Michelle Reynolds (Pacific Island Ecosystems Research Center, Hawai’i National Park, Hawaii, USA) and colleagues have published in the journal Ecology and Evolution on the effects of the Japanese tsunami of March 2011 on Laysan Albatrosses Phoebastria immutabilis and other procellariiforms breeding on atolls within the North-Western Hawaiian Islands (click here).
“Earthquake-generated tsunamis threaten coastal areas and low-lying islands with sudden flooding. Although human hazards and infrastructure damage have been well documented for tsunamis in recent decades, the effects on wildlife communities rarely have been quantified. We describe a tsunami that hit the world's largest remaining tropical seabird rookery and estimate the effects of sudden flooding on 23 bird species nesting on Pacific islands more than 3,800 km from the epicenter. We used global positioning systems, tide gauge data, and satellite imagery to quantify characteristics of the Tōhoku earthquake-generated tsunami (11 March 2011) and its inundation extent across four Hawaiian Islands. We estimated short-term effects of sudden flooding to bird communities using spatially explicit data from Midway Atoll and Laysan Island, Hawai'i. We describe variation in species vulnerability based on breeding phenology, nesting habitat, and life history traits. The tsunami inundated 21%–100% of each island's area at Midway Atoll and Laysan Island. Procellariformes (albatrosses and petrels) chick and egg losses exceeded 258,500 at Midway Atoll while albatross chick losses at Laysan Island exceeded 21,400. The tsunami struck at night and during the peak of nesting for 14 colonial seabird species. Strongly philopatric Procellariformes [sic] were vulnerable to the tsunami. Nonmigratory, endemic, endangered Laysan Teal (Anas laysanensis) were sensitive to ecosystem effects such as habitat changes and carcass-initiated epizootics of avian botulism, and its populations declined approximately 40% on both atolls post-tsunami. Catastrophic flooding of Pacific islands occurs periodically not only from tsunamis, but also from storm surge and rainfall; with sea-level rise, the frequency of sudden flooding events will likely increase. As invasive predators occupy habitat on higher elevation Hawaiian Islands and globally important avian populations are concentrated on low-lying islands, additional conservation strategies may be warranted to increase resilience of island biodiversity encountering tsunamis and rising sea levels.”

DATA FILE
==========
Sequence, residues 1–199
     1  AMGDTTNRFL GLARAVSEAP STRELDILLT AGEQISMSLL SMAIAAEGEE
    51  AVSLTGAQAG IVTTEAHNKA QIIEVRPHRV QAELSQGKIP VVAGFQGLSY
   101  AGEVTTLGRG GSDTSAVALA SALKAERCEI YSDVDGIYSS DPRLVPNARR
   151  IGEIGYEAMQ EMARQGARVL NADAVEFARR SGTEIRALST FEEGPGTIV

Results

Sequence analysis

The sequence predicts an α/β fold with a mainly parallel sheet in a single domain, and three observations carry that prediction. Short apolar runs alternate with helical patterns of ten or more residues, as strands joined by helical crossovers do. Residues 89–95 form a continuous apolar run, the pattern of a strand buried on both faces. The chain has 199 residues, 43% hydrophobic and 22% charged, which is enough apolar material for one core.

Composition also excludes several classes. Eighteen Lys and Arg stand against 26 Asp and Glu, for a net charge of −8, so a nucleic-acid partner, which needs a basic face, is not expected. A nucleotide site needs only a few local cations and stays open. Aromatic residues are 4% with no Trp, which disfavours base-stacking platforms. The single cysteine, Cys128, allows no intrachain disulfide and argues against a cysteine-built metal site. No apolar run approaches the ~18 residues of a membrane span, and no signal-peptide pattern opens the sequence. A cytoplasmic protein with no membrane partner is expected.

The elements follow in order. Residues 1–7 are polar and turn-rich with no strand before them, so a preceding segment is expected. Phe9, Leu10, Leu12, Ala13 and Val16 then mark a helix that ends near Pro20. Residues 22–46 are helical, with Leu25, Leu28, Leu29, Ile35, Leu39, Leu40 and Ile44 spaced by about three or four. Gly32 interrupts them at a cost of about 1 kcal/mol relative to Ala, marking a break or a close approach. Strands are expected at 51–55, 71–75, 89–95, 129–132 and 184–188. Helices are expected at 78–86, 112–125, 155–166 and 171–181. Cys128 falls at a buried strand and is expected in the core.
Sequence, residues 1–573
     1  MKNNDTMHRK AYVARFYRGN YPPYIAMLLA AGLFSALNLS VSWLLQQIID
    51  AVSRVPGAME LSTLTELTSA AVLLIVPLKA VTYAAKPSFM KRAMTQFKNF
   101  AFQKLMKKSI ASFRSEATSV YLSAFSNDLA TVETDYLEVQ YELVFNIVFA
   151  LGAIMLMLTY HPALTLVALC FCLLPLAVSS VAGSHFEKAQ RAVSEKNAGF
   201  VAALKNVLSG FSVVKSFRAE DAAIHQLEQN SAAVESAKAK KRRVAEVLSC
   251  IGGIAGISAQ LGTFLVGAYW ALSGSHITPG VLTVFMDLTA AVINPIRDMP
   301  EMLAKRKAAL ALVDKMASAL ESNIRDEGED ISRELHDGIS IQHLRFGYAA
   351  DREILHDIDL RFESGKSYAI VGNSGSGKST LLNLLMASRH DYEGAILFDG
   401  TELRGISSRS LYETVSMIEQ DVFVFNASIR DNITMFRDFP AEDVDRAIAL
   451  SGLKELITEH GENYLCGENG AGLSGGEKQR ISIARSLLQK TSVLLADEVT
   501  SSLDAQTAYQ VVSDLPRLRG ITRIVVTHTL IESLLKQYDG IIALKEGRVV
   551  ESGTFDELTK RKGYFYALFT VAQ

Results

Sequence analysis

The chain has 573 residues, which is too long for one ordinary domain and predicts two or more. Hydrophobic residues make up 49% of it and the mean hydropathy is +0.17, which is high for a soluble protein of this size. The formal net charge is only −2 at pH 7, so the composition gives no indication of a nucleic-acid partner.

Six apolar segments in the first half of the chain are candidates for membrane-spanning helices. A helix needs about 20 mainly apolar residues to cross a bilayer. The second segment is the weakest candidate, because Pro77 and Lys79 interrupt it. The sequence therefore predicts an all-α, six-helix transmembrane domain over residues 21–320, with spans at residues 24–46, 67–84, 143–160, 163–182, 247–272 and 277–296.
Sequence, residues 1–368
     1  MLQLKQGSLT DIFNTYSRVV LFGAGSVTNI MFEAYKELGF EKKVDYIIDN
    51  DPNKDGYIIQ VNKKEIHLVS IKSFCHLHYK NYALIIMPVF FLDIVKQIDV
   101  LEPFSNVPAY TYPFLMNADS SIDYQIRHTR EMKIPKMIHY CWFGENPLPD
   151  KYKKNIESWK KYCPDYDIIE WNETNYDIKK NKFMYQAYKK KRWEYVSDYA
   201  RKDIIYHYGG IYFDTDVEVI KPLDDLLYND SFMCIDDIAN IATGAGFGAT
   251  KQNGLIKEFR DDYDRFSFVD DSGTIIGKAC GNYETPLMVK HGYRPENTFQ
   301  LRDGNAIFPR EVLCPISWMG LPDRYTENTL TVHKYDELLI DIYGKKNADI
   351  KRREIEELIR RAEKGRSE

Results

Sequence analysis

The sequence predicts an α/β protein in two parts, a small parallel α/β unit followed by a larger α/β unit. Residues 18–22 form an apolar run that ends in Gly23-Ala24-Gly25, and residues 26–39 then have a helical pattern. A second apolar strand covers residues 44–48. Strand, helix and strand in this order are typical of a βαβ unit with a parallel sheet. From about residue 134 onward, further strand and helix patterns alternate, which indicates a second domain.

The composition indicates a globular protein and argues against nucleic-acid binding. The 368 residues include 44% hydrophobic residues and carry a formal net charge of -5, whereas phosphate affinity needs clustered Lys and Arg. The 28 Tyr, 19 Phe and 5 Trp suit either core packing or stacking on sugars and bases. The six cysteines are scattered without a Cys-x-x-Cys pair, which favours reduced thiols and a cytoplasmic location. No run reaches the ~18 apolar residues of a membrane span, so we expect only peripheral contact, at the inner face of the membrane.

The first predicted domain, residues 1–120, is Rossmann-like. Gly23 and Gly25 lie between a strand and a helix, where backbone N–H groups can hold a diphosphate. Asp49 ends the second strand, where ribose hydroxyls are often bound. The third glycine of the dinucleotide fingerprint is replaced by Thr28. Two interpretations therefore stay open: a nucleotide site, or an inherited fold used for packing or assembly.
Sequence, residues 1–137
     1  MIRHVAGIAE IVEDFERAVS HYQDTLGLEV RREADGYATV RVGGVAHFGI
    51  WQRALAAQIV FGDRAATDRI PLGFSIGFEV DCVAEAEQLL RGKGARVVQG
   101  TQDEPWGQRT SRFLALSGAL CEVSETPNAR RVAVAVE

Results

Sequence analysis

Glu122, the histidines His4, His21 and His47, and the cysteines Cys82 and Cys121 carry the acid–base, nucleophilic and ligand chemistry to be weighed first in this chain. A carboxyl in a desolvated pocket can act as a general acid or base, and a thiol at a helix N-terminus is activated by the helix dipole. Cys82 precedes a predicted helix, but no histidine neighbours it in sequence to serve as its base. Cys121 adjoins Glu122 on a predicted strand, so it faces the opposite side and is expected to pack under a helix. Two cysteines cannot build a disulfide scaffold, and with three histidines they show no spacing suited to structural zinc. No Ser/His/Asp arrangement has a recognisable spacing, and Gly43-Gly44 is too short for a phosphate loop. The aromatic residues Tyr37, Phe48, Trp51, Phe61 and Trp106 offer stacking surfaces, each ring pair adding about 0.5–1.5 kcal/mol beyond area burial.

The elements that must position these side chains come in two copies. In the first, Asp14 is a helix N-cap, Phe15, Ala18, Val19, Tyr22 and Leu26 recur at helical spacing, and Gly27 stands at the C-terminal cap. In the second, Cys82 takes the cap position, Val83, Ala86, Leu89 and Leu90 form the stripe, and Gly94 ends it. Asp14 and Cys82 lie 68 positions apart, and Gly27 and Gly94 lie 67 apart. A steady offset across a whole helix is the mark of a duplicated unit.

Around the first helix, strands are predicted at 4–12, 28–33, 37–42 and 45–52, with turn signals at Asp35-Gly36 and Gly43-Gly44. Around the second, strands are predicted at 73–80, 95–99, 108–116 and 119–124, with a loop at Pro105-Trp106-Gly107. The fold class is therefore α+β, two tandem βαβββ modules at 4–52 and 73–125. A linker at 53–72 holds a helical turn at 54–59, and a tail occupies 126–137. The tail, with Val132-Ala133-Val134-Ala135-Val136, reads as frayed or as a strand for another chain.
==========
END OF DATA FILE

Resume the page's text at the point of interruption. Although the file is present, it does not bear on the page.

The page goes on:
Black-footed and Laysan Albatrosses breeding on a low-lying atoll
Reynolds, M.H., Berkowitz, P., Klavitter, J.L. & Courtot, K.N. 2017. Lessons from the Tōhoku tsunami: a model for island avifauna conservation prioritization. Ecology and Evolution DOI: 10.1002/ece3.3092.
John Cooper, ACAP Information Officer, 07 July 2017